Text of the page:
Prisoner's confidence grows on practical course

PET learner Anthony writes about how a practical course helped him:

"I came to prison with very few formal qualifications. Like many others in prison I had negative experiences of school which left me feeling that formal study was not for me and I always thought vocational training would be much better suited to my interests and learning style. When I first came to prison, I signed up for education classes, mainly to get more time out of my cell and distract me from the stresses of prison life.

I took some basic qualifications in subjects I already knew about, but really wanted to do something that would challenge me and give me skills and a chance of employment on release.

After arriving at a category C prison, I had an appointment with a careers advisor to discuss what I intended to do in prison and upon my release. I was told the prison was starting a Light Vehicle Body Repair Course, which would involve learning to repair and re-paint cars that had accident damage. I had never tried anything like this before, but it sounded useful and challenging, so I applied and was lucky enough to receive a place on the six month long course.

Supportive teaching

The first unit involved health and safety training, which required a fair amount of paperwork. I started to wonder if the course was really for me, but stuck with it and before long I started to learn about the various tools and equipment. Having never used most of them, I sometimes felt unsure or lacked confidence. However, the instructor always found time to explain things fully and demonstrate until I understood which was already completely different from my previous experiences of learning. 

As the course progressed, my confidence and competence increased. Every day I was learning new things and felt I was making progress. The instructor was very qualified and experienced, and tried as much as possible to run the workshop as an outside body shop would.

This created an environment where it was easy to forget I was in prison, and time really flew past. I found myself disappointed when Friday came and spent the weekend looking forward to Monday when I could get back and learn more.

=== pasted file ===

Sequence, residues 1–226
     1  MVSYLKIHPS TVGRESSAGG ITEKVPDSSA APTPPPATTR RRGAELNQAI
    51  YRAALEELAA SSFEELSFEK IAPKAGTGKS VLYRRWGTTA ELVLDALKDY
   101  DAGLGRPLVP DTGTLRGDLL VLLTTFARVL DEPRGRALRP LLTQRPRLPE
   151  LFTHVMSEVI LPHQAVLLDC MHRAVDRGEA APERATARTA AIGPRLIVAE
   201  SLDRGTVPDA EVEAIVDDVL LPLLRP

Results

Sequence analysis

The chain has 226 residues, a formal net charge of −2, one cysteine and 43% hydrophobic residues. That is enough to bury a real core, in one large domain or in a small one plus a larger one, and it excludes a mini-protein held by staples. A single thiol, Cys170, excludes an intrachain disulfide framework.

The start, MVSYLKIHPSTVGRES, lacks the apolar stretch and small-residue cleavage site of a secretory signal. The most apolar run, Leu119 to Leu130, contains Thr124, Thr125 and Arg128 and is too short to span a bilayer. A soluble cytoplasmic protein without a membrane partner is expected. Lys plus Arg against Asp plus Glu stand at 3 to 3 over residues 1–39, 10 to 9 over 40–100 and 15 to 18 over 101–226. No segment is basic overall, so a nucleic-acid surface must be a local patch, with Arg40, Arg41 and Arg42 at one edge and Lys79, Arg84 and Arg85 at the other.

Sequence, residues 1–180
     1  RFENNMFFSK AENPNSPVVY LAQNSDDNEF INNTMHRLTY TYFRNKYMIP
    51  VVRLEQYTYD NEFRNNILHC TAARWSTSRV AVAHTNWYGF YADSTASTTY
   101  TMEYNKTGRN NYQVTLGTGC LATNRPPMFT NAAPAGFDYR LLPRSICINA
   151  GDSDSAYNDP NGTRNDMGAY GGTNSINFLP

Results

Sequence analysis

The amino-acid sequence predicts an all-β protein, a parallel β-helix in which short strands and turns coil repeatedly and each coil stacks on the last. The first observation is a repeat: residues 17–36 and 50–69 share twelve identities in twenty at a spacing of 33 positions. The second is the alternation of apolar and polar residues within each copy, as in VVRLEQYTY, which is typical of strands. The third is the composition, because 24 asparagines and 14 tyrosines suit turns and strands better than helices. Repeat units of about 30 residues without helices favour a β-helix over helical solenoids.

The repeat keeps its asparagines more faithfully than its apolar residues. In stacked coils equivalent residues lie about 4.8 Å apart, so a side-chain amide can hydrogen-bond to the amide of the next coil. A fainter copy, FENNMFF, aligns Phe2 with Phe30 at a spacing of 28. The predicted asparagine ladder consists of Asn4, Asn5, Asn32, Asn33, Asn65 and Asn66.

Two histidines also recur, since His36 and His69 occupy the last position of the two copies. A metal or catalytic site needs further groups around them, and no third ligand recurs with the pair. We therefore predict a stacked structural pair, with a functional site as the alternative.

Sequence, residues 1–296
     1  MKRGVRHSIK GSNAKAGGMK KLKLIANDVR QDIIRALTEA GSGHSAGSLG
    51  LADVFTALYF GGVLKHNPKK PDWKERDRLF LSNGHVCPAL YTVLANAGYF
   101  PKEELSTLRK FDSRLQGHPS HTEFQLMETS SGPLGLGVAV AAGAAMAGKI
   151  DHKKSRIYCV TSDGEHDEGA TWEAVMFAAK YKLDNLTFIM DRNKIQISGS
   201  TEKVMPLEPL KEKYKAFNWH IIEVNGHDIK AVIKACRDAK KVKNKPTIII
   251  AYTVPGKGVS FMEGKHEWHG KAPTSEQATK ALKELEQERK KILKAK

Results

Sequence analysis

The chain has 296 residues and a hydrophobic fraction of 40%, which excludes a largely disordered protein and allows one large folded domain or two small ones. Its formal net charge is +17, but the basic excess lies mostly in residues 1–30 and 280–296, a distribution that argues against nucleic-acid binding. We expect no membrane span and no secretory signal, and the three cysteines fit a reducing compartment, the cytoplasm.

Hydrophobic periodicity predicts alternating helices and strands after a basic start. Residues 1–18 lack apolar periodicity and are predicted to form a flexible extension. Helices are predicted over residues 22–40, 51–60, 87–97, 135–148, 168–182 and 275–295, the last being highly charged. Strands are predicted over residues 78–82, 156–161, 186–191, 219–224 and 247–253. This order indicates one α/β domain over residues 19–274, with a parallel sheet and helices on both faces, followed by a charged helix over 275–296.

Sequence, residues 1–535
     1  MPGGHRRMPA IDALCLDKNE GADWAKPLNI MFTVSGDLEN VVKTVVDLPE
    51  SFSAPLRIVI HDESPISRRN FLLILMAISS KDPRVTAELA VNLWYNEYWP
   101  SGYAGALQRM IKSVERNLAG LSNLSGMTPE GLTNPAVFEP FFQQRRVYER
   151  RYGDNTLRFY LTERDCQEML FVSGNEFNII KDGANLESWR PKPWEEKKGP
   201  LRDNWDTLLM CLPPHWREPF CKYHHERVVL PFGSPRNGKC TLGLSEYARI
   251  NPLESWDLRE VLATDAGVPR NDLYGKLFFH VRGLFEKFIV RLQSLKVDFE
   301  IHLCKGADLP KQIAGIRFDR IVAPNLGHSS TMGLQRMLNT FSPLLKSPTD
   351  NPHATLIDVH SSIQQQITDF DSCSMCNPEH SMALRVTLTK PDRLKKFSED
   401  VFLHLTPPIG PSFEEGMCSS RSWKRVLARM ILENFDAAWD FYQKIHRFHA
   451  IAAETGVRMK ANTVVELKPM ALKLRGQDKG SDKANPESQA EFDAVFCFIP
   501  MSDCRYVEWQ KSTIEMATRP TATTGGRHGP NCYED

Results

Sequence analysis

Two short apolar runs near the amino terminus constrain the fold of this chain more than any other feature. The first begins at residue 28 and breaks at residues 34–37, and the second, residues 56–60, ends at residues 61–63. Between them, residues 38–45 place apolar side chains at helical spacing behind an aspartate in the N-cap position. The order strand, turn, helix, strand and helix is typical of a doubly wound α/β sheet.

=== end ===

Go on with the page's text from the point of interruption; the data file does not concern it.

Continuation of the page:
Wider skills development

The physical skills I learned were invaluable: welding, metal fabrication, applying and shaping various repair materials, removing and refitting components, masking and spray painting. However, the course gave me so much more than these. It improved my patience, focus, determination, problem solving and reasoning skills, among many other things. It allowed me to be creative and technical at the same time and to follow projects through from start to finish. This course proved to me that all of my effort was worthwhile.

After completing the course, I received two separate diplomas, one for repair work and the other for refinishing (spray painting), accredited by the Institute of the Motor Industry. I was asked by the instructor to stay on as an ‘orderly’ to help with administrative tasks and teaching other prisoners. This allowed me to have more practice spray painting and I now regularly teach this to others. This gives me the satisfaction of seeing other people develop their skills with my help.

Self-employment

After my release, I intend to start my own business and if possible, train other ex-offenders. This course has given me the skills to do this, along with the Business Management course I completed through the Open University (funded by PET). This has increased my sense of self-worth and confidence in myself immeasurably I will now be able to overcome many of the barriers I may face in the future.